It’s been a nasty week here at the old poetry farm. I got knocked on my ass by some flu-like thing just as we were getting our first good snow fall of the season. 17 inches is pretty normal around here, but this was real wet and real heavy.
That means the trees bend and sag, and in the process, take down these old New England power lines. So Wednesday afternoon, we along with about 300,000 other New Hampshire homes lost our power. That meant no electric, no heat, no water.
So many trees and lines were down that most roads were impassable. We have about 600 very tall trees on our property, and the birches, being the most fragile, bent over in perfect, low, snow covered arches across my driveway. About half of its 1,000 curling feet looks like a tunnel. And on top of that my plow man’s vehicle broke down.
Jan and I were hunkered down like a couple of dog sledders dressed for the Iditarod. In our 10 years here, this is the first time we lost power for more than a few hours. My youngest daughter and family live in the next town from us, but they also are in the dark.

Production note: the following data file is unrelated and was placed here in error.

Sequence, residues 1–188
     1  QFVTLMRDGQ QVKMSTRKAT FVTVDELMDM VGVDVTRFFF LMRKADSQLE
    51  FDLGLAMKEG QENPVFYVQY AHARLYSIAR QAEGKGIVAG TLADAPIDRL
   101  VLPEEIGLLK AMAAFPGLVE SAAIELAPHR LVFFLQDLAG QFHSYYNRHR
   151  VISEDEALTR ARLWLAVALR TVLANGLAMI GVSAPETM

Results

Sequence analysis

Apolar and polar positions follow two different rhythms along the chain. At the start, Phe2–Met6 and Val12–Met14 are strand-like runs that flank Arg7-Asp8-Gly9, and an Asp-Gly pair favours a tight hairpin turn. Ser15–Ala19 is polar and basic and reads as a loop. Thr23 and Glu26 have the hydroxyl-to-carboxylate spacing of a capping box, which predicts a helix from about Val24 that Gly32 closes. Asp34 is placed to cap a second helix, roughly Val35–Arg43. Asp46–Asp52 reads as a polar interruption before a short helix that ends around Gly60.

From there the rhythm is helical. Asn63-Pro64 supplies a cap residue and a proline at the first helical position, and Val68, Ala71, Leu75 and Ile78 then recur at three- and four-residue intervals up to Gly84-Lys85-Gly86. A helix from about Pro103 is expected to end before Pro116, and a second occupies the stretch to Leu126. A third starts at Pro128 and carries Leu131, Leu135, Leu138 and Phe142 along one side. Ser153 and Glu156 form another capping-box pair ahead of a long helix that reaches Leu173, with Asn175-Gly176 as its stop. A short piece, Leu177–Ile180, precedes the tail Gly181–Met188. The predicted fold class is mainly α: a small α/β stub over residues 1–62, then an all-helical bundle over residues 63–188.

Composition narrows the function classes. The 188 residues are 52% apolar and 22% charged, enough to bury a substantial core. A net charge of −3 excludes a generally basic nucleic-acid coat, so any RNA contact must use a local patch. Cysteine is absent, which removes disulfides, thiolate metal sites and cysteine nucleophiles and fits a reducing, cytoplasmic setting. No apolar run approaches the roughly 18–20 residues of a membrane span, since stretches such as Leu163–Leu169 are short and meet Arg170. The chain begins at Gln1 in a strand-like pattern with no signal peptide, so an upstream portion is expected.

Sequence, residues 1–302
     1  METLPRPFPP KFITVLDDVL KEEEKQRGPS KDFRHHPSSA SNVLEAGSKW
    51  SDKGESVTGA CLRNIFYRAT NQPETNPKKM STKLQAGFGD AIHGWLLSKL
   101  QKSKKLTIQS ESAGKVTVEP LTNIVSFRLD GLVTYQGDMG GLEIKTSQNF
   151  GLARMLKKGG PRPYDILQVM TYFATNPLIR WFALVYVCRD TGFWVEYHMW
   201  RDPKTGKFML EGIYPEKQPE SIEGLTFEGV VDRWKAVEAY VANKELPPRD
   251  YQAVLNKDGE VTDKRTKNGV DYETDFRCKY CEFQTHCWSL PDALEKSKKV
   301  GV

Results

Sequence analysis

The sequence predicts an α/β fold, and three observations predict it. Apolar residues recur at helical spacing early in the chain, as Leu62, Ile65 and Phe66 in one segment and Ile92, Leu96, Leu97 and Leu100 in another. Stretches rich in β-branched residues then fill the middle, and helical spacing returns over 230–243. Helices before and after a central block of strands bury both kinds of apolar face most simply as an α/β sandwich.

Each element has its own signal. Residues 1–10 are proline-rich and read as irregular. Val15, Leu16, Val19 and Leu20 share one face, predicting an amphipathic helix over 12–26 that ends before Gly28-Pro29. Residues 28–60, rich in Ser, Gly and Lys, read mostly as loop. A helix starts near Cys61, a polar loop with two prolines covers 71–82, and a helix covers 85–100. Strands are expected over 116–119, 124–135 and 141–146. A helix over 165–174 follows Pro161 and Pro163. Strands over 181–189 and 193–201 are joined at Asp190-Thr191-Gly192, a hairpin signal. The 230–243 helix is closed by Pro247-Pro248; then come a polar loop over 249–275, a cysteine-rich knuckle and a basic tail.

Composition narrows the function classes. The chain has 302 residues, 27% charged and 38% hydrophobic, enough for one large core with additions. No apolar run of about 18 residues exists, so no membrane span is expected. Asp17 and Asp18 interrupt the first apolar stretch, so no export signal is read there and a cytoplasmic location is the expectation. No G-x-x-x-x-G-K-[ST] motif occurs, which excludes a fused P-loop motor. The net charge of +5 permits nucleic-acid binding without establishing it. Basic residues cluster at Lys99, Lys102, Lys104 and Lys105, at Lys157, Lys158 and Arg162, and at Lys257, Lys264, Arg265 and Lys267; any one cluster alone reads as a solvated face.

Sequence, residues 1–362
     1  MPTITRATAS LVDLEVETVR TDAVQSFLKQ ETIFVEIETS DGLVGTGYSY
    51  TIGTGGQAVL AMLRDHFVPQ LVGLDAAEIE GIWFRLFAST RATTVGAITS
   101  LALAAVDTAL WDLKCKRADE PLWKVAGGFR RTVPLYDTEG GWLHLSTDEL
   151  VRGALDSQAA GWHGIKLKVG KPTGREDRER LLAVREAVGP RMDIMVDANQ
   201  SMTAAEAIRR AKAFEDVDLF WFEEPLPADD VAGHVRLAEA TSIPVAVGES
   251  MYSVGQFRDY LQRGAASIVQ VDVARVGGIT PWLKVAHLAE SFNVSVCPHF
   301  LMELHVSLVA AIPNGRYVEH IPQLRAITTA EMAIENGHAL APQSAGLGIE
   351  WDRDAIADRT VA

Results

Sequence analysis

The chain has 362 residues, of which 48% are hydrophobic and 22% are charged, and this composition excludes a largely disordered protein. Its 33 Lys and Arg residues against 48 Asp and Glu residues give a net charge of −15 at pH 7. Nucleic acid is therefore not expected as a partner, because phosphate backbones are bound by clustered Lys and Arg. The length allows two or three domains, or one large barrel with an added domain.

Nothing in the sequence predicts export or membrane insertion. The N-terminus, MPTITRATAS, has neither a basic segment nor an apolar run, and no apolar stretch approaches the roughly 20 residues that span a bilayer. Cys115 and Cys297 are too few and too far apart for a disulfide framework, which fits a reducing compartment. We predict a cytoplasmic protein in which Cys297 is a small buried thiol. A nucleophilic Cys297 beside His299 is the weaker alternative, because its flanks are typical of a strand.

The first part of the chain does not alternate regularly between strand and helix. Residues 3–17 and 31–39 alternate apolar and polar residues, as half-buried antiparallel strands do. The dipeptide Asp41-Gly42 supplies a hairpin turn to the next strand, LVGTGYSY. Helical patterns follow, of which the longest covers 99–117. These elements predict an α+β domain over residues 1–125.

And I do believe it’s all because of politics. Seriously. For our first 8 years in this home, our governor was a neighbor, and I believe that fact somehow gave our area an unspoken top priority for restoration of power. Alas, our current governor lives elsewhere, so this time we just had to wait our turn like all the other good citizens of the Live Free or Die state. I guess accidental privilege can’t last forever.
Well, we just got power back a little while go and, boy oh boy, am I ever thankful – it’s 2 degrees tonight. And I’m feeling better, too, thank God. But as to Thanksgiving Day itself – well – there’s always next year.
Hope all of you, my friends, had a blessed and happy (and warm) day.